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UBS Compensation Survey: Wages to rise by 0.6% in 2017

Zürich Media Releases Switzerland

For 2017, UBS expects an average nominal wage increase of 0.6 percent in Switzerland. Ongoing economic and geopolitical challenges are still causing companies difficulties and holding wages down. Coupled with a forecast annual inflation rate of 0.4 percent for 2017, average real wages may virtually stagnate, having risen by an average of 1.2 percent per year over the last eight years.

Zurich, 26 October 2016 – The 314 companies surveyed by UBS expect nominal wages to increase by an average of 0.6 percent in 2017. UBS expects inflation to be slightly positive in 2017, at 0.4 percent. This would result in an average rise in real wages of 0.2 percent. Real wage growth will therefore probably be lower in the coming year than in 2016.

While the nominal wage increase of 0.5 percent forecast in the compensation survey for 2016 is in fact slightly lower than that for 2017, taking inflation into account produces a different picture. As a result of the drop in oil prices at the start of the year and the aftermath of last year's exchange rate shock, inflation will probably be slightly negative in 2016, at -0.3 percent. This would mean a real wage increase of 0.8 percent for 2016, compared with the anticipated 0.2 percent in the coming year.

Chemicals and pharmaceuticals with the highest wage settlements
The chemical and pharmaceutical industries and company services continue to top the ratings in 2017, all with expected average wage increases of one percent. Public sector employees, who can also expect an average wage increase of 1 percent, will be joining their ranks. The overall range will remain unchanged in the coming year, but the spread in the midrange will increase. Fourteen of the 22 industries surveyed, with an average wage increase of 0.5 percent, are only just below the average. Trailing behind in terms of wage increases come the watchmaking and media industries. A pay freeze is expected in both. In many cases, wage increases are awarded on an individual basis, with the aim of retaining skilled staff.

In real terms, there may actually be wage cuts in the watchmaking industry and the media. This is due to the positive inflation rate, which reduces the purchasing power of future wages. The forecast inflation rate of 0.4 percent for the coming year means an average drop in purchasing power of 0.4 percent for wages in the watch and media industries. The other sectors can all expect a rise in real wages, in spite of slightly positive inflation.

Modest wage growth, in spite of confidence
Expectations regarding the overall economic trend in Switzerland have significantly improved among HR managers. Over half the participating companies expect a moderate upturn for the coming year. In 2015 only around one-quarter of companies were that optimistic. A similar picture emerges for unemployment rates. While in 2015 almost two-thirds of companies expected unemployment to rise, this figure dropped to one-quarter this year.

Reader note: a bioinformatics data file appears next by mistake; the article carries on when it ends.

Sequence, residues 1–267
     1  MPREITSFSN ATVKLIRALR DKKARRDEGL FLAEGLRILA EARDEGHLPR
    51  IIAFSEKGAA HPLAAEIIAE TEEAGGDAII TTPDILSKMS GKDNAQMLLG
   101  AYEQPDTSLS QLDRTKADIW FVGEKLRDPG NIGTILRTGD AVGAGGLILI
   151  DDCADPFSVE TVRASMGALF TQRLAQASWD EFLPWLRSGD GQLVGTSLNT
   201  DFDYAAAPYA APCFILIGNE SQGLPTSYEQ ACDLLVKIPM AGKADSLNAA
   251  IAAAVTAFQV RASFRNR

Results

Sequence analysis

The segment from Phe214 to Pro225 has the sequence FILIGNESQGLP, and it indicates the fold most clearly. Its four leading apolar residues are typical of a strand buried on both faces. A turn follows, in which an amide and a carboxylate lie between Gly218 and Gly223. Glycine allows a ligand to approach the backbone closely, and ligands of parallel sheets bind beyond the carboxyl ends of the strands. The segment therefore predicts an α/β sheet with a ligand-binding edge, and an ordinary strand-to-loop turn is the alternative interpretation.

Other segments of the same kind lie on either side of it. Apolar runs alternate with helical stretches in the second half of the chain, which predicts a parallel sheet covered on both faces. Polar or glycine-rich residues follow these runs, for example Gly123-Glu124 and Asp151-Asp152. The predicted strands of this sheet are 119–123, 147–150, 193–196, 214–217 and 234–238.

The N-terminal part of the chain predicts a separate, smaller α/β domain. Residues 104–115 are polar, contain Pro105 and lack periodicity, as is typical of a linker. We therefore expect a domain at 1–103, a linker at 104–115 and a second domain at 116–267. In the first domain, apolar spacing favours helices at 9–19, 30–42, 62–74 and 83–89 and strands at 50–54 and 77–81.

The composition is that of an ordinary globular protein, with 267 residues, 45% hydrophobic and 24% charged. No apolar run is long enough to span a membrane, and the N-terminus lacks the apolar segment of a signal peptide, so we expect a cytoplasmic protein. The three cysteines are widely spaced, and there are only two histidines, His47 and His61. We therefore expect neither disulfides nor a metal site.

Despite the optimistic economic outlook, average real wage growth will probably weaken in 2017. On the one hand, a positive inflation rate, expected for the first time since 2011, will dampen real wage growth. On the other, they will compensate for the very high growth in real wages in recent years. Inflation rates have been consistently lower than expected across the board in recent years and have meant that real wages have risen disproportionately, by 1.2 percent per year since 2008. Also, company margins in most industries fell in 2015 and 2016 due to the difficult economic situation and exchange rate conditions, so that many companies do not intend to grant any more significant wage increases until their margin situation has stabilized again.

Nominal wage growth 2016 and 2017

 

Wage development 2016

Expected wage development 2017

Chemicals & pharmaceuticals

1.0%

1.0%

Corporate services (including real estate)

1.0%

1.0%

Public sector

0.7%

1.0%

IT services & telecommunications

1.0%

0.8%

Financial services

0.8%

0.8%

Energy, utilities & waste disposal

0.5%

0.8%

Switzerland

0.5%

0.6%

Materials & building materials

0.5%

0.5%

Textiles

0.5%

0.5%

Metals

0.5%

0.5%

Machinery

0.5%

0.5%

Construction & architecture

0.5%

0.5%

Logistics

0.5%

0.5%

Food

0.5%

0.5%

Consumer goods

0.5%

0.5%

Health & social services

0.5%

0.5%

Wholesale trade

0.4%

0.5%

Retail trade

0.4%

0.5%

Automobile sector

0.3%

0.5%

Tourism

0.1%

0.5%

Electrical engineering

0.0%

0.5%

Media

0.0%

0.0%

Watches

0.0%

0.0%

UBS has conducted the annual Compensation Survey since 1989. Some 314 companies, employer and employee representation associations in 22 sectors took part in the current survey, held from 8 September to 5 October 2016. These sectors represent over 80 percent of Switzerland’s working population. From 1989 to 2015, the average wage increases assessed by the survey diverged a mere 0.29 percentage points from the official average salary trends (nominal wage index and collective labor agreements) published by the Federal Office of Statistics (SFSO).

The detailed results of UBS’s Compensation Survey for 2017 can be downloaded from: UBS Compensation Survey 2017.

 

UBS Switzerland AG

 

Media contact

Daniel Kalt, UBS Chief Economist Switzerland
Phone: +41 44 234 25 60, daniel.kalt@ubs.com

Sibille Duss, UBS Chief Investment Office WM
Phone: +41 44 235 69 54, sibille.duss@ubs.com

UBS publications and forecasts for Switzerland: www.ubs.com/investmentviews

www.ubs.com